Frank Darabont

The Mist (2007) [Blu-ray]

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The Mist is probably one of the best little low-budget horror movies that you’ve never heard of. And you really should have: it’s written and directed by Frank Darabont (who also brought The Shawshank Redemption and The Green Mile to the screen) and this is very clearly the bridge between that earlier phase of his career and his time stewarding The Walking Dead to the TV screen.

The film is set in a small town in Maine (which tells you right away that like those earlier Darabont films, this is adapted from a Stephen King story.) In the wake of a severe storm, a strange mist descends from the nearby hills where a secret military base is located. Shortly afterwards, a terrified man runs into the local supermarket screaming, “There’s something in the mist.” Read the rest of this entry »

The Walking Dead S2 E1 “What Lies Ahead”

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When you find yourself with a stunning and wholly unexpected break-out hit on your hands – as American cable TV channel AMC did with the six-part The Walking Dead mini-series in 2010 – the big question mark and headache hanging over things is: can you repeat that success in the sophomore year? Can you convert that flash in the pan to something sustained and long-lasting, or will it fall apart in your hands when you have to get serious about it?

It doesn’t help when the production’s co-creator and showrunner (Hollywood director Frank Darabont in this case) suddenly leaves the project a couple of episodes into the making of the second series, after most of the writers have also just been replaced. It speaks volumes of considerable trouble behind the scenes, and means that when you’re watching the finished episodes you’re actually micro-analysing it thinking: “Is this where the quality dips? Where the rows set in? Where the shark-jumping begins? Is that why Darabont quit/was fired/delete as applicable?”

Fortunately, even with the micro-analysis set to full-strength, it’s hard to see how the first episode of season 2 represents a shift in direction or dip in quality thus far. The opening half hour in particular in staggeringly strong and also very simple in premise, as our heroes get stuck in a motorcar graveyard on a freeway in the middle of nowhere. Inevitably, a wave of the walking dead approach – too many to fight off, so all our heroes can do is hide and take cover in and under the wrecked vehicles as the zombies shuffle past inches away, in a deeply nerve-wracking extended sequence that leaves you holding your own breath past the point of comfort.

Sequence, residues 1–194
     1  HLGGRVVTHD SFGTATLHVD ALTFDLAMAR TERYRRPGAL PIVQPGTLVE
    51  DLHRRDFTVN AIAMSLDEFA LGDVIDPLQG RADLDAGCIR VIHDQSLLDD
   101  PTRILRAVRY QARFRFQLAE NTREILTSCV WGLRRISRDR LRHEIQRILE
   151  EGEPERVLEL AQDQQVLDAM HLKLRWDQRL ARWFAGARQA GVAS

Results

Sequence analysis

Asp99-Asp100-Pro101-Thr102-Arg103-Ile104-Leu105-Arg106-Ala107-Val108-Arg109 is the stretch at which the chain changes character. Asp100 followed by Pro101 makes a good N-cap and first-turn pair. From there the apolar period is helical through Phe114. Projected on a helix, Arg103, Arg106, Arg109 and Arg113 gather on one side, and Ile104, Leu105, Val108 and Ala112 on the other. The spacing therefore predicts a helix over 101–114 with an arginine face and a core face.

Critics fear that Darabont’s departure means they’re ‘soaping it up’, but certainly in the first half of this episode the ‘soap’ elements are simply those that existed in the first mini-series – the tangled relationship of the sheriff’s wife and his deputy; Andrea contemplating suicide. Yes, the second half of the episode does feature a long sequence where the sheriff (Britain’s own Andrew Lincoln) has a chat with his Saviour in a church in the middle of nowhere – but by then we need the respite, and the potentially mawkish moment has been paid for upfront by the deliriously macabre black comedy spectacle of zombie worshippers sitting silently in the pews, before promptly getting hacked to pieces or their heads caved in by an explosion of righteous retribution from the good guys. Even the falseness of the church itself (the tolling bell is the total artifice of a timer-activated recording played over a loudspeaker) adds an edge to any potential sentimentality-overdose from the ‘talking to God’ sequence.

Nor does the episode end with a pat resolution. We do not find the missing member of the group we’ve been searching for; and then out of nowhere there is a shocking gunshot during an apparently magical encounter with the ‘natural world’, and one of the members of the regular group that we’ve always assumed would be safe to the end is on the receiving end of it.

Far from finding any cracks or signs of shark-jumping in this season opener, I thought this was possibly the strongest episode we’ve seen of The Walking Dead since the pilot. It continues the tension and genuine outright horror (one of the scenes where the group have to check out what a zombie had for its last meal is astoundingly gross), deftly juggles the ‘soapy’ side to things, but at the same time it now has a new sense of self-confidence in what it’s trying to do and a new swagger in how it goes about doing it that stem directly from the success of the first season.

Whether this is just Darabont’s last triumphant hurrah at the helm and the cracks (if indeed there prove to be any) will start showing in two or three episodes’ time is another question entirely, but for now The Walking Dead is at the top of its gleefully grotesque game.